Kaufmann was a young répétiteur, training to be a conductor, when he met Horowitz “…in Basel, almost forty-nine years ago exactly, also in April, only the weather was nicer”. The Maestro, as Horowitz would have everyone call him later in life, took on Kaufmann as a student, his first. What follows is a period of intense jealousy, denial, anger, passion and even love, constantly set to the tune of Horowitz’s frustration with his marriage, his career and, most of all, his repressed sexual desires.

The Piano Student is well on its way at times to being a chronicle of a moving love story. But the author gets as many things twisted as she gets them right. Anyone who has had to hide a great love for fear of retribution — homosexuality complicating the matter further — will identify with Horowitz’s innerscape of torture, self-loathing and depression. Add to this his father-in-law’s insistence that he become “exceptional”, by allowing political truths into his life when even in the thick of WWII, Horowitz is happy playing to grand applause across Europe rather than choose sides.

Conductor Toscanini thinks his son-in-law lacks education and breeding, and has no political stance or even fidelity to his work, an opinion his daughter gathers to herself, too, and “together, they’ve broken his spine”. Horowitz’s tortured genius produced some of the greatest music of the 20th century, but in his private anguish, as Kaufmann pointedly says, “It seems he was alone a lot and, in his loneliness, fixated on this ominous notion of being normal”.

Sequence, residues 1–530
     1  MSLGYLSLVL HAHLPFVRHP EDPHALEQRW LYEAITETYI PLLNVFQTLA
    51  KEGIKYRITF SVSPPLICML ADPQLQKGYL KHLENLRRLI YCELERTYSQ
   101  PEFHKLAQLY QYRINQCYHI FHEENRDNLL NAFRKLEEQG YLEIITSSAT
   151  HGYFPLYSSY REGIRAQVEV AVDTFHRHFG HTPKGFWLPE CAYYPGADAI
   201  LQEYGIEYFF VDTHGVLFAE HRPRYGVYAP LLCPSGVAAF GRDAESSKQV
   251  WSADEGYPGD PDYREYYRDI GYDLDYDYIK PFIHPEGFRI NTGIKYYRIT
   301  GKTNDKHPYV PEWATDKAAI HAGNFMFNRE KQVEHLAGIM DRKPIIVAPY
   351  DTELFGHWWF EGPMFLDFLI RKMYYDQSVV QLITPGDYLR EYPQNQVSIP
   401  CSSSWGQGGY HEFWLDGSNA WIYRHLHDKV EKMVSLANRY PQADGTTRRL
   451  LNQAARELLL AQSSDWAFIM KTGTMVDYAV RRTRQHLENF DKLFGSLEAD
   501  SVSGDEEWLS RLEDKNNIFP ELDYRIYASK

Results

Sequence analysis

Kaufmann, on the other hand, comes across as a caricature — he is gossipy, attention seeking and boasts of his sexual prowess, though one suspects these are ploys to hide his many failures. He does not have much of a career and there is “nothing great” about him, he admits, in a moment of poignant self-awareness.

The novel is populated with famous contemporaries — novelist Thomas Mann who Kaufmann claims fancied him, the composer Sergei Rachmaninoff who shared a trait of debilitating stage fright with Horowitz, the violinist Nathan Milstein and others of the classical music world. It is populated, too, with wonderful pieces of music — the publisher New Vessel Press has helpful playlists on Spotify and YouTube that chart the soundtrack of the book.

Singer’s imagining of how this alleged affair might have been conducted does lift the lid on the otherwise staid portrayal in popular perception of the world of classical music. However, the lack of quotation marks surrounding the conversations, while presenting at first an interesting pause in trying to make out who the narrator is and where we are chronologically soon become a tedious task. Coupled with the all-over-the-place nature of the writing, it merely distracts from the story on hand, adding little by way of a writing style. One is tempted often to look up the music peppered throughout the book, and fascinating as the previously undocumented Horowitz-Kaufmann love affair may have been, it is this music that mostly redeems the jerky structure of The Piano Student.

Deepa Bhasthi is a writer based in Kodagu